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Strength & Conditioning for BJJ Part II

Discussion in 'Grappling Technique' started by tf, Sep 18, 2010.

  1. tf

    tf Inside BJJ Podcast

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  2. thedoc56**

    thedoc56** Blue Belt

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    sweet. looks pretty intense
     
  3. fxpro888

    fxpro888 Guest

    i read this article and tried to understand all the exercises, but i must say, theyre kind of difficult in some cases. perhaps someone who likes this workout could do a youtube vid teaching and showing a sample S&C workout such as this.
     
  4. mtruitt76

    mtruitt76 Purple Belt

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    Good stuff. This isn't far off from what I was currently doing so I am glad to see that I stumbled into a routine that was close to what I needed to be doing.

    I will change my routine a bit and report back about my progress. It would be nice if we could get some people to try this template out for a while, keep a work out log, and report back about their progression.

    Appreciate the article Leo.
     
  5. muaythaitechniq

    muaythaitechniq Orange Belt

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    I tried posting this in the article, but it kept telling me there was an error.

    Very nice workout.

    I use a lot of the same exercises, but I mainly go heavy. I'll def. change to this and see how it goes. I had a few questions on the exercises:

    1. Squat Matrix, Y/T/I/L: I'm not familiar with what Y/T/I/L stand for or mean?
    2. Complexes: Any pros/cons using a Barbell?
     
  6. cooltoon999

    cooltoon999 Orange Belt

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    [​IMG]

    Teehee, nah i'm just trolling.

    In all seriousness this looks good as a BJJ specific S&C routine. If I could suggest one thing is that if your going to emphasize time as a factor in the routine, instead of doing 15 minutes of sprint work, why not just do a 4 minute Tabata run?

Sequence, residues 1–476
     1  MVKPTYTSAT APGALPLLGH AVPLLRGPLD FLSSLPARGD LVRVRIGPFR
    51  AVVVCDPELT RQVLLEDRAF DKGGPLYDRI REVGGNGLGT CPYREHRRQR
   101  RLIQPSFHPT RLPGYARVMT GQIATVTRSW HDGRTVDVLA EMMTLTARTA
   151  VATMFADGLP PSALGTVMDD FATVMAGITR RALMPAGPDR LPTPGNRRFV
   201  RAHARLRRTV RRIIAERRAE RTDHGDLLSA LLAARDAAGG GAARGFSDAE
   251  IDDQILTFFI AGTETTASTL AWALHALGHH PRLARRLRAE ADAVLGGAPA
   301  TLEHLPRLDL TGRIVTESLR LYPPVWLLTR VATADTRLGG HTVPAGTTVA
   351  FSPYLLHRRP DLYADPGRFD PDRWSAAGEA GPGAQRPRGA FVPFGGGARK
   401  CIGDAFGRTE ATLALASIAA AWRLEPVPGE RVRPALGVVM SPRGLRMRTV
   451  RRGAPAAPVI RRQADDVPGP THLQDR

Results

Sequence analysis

For those that don't know its 8 rounds of 20 seconds MAXIMUM intensity and 10 seconds of absolute rest.

    Ex. Set treadmill at 10% incline, do 20 seconds at 7mph, 10 second stop, repeat 8 times.

    It only looks easy but by the end of it your going to feel destroyed. Not only that but it not only increases your aenorobic capacity, but studies have shown that it also increases your aerobic level better then that of doing a 60 minute run a couple times a week. It can also be applied to swimming,biking, pushups, air squats, pullups, whatever.

    All in all it's better then what I was expecting Leo, so I take my previous words back.
     
  7. Leo M

    Leo M Guest

    No reason to lighten the load if you don't want to. The rep ranges are a bit higher because I assume there may be a lot of athletes who are not accustomed to going heavier with lower rep ranges.

    1. Y/T/I/L refers to a warmup for the shoulder. It's typically done prone on an incline or flat bench or even stability ball. I'll see if I can find a video and post it.
    2. I have no emotional attachment to KB or DB for the complex. Alwyn Cosgrove and Dan John have some great Barbell Complexes and you'd do great to follow them.


    Leo
     
  8. Leo M

    Leo M Guest

    A couple points of agreement/ disagreement:

    I think the Tabata protocol is very efficient and effective for a fighter in phenomenal shape about to peak. However, in the original study, the subjects hit 170% of their VO2 Max during the work periods. That's a bit much for me to suggest to athletes who are even used to training "hard". IMO, the Tabata should be used at some point, but the athlete must be progressed to it. We have definitely put fighters through a few 4-5 minute rounds of it on the Airdyne, and you are right, it literally destroys you.